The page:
PUERTO PRINCESA, Philippines —The U.S. Coast Guard Cutter Stratton (WMSL 752) pulled into Puerto Princesa October 14, for Maritime Training Activity (MTA) Sama Sama following operations in the Yellow Sea where the crew supported United Nations Security Council Resolution (UNSCR) enforcement against illicit ship-to-ship transfers that violate sanctions against the Democratic People’s Republic of Korea (DPRK).

The operations are a part of the United States’ ongoing contribution to international efforts in combatting DPRK’s maritime sanctions evasion activity. Ship-to-ship transfers of fuel and goods, like coal, going to and from DPRK are prohibited under the UNSCR.

Stratton personnel captured imagery of suspected illicit ship-to-ship transfers and conducted routine activities to detect, deter, and disrupt activities in violation of UNSCR.

Maritime Training Activity (MTA) Sama Sama is a maritime exercise designed to promote regional security cooperation, maintain, and strengthen maritime partnerships and enhance maritime interoperability. This is the first year the Japanese Maritime Defense Force will participate alongside U.S. and Philippine navy counterparts.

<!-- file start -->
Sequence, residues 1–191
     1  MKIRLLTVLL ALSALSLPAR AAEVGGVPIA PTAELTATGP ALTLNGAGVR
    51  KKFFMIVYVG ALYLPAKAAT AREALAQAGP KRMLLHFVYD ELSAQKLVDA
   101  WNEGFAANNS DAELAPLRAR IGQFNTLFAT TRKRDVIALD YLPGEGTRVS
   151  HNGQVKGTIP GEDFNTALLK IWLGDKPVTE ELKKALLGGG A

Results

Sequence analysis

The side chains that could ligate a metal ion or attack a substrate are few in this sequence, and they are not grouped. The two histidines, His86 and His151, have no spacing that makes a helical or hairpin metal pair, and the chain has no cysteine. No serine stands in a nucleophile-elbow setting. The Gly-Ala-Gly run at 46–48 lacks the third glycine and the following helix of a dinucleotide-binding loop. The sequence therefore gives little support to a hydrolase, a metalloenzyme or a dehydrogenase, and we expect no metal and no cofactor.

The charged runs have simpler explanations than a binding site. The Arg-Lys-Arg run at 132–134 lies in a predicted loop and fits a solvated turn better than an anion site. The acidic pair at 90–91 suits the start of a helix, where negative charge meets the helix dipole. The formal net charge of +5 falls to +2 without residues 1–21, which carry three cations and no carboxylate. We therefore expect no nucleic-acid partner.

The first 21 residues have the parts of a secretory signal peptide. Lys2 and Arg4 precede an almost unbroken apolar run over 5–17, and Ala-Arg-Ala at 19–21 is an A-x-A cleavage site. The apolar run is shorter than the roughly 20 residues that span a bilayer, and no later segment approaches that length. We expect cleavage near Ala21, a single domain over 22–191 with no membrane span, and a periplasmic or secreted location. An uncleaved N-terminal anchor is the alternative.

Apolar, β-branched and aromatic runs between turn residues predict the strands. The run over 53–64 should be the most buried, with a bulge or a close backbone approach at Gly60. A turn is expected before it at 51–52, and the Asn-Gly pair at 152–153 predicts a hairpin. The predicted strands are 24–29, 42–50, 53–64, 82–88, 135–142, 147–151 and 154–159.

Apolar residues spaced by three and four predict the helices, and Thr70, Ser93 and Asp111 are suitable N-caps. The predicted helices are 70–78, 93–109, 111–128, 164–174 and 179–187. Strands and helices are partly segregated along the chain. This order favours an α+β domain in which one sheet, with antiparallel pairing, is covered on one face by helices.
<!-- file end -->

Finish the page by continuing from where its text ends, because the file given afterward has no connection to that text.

The exercise will consist of both shore-based and at-sea activities designed to allow participating navies to advance the complex maritime training utilizing diverse naval platforms and operating areas.

The U.S. Coast Guard has an enduring role in the Indo-Pacific, going back over 150 years. The service’s ongoing deployment of resources to the region directly supports U.S. foreign policy and national security objectives in the Indo-Pacific Strategy and the National Security Strategy.

As both a federal law enforcement agency and an armed force, the U.S. Coast Guard is uniquely positioned to support combatant commanders on all seven continents. The service routinely provides forces in joint military operations worldwide, including the deployment of cutters, boats, aircraft and deployable specialized forces.

“All of Stratton’s operations are designed in accordance with international law and demonstrate that the United States will fly, sail, and operate wherever international law allows,” said Capt. Bob Little, Stratton’s commanding officer. “That is as true in the South and East China Seas, as in other places around the globe. Our efforts in support of enforcing U.N. Security Council Resolutions in the Yellow Sea demonstrate that commitment.”

-USCG-

Philippines Awards Contract for Upgrade of Former WHECs

BRP Andrés Bonifacio (FF-17), the former USCGC Boutwell.

Updates added below